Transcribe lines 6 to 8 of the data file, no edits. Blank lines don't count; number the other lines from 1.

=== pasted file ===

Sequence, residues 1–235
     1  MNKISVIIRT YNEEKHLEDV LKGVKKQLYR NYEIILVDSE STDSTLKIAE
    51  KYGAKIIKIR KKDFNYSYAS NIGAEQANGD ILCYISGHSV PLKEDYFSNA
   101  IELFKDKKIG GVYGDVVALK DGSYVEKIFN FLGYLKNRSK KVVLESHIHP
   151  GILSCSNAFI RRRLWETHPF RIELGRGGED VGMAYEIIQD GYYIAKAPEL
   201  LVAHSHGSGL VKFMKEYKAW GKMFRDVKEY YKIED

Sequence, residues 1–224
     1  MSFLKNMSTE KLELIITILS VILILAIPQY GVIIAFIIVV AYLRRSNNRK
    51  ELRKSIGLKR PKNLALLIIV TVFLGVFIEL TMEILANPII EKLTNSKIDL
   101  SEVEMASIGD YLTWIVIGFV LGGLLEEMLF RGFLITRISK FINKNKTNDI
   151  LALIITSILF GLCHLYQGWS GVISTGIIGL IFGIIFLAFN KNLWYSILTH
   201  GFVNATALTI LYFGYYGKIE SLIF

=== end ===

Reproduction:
   201  LVAHSHGSGL VKFMKEYKAW GKMFRDVKEY YKIED

Sequence, residues 1–224
     1  MSFLKNMSTE KLELIITILS VILILAIPQY GVIIAFIIVV AYLRRSNNRK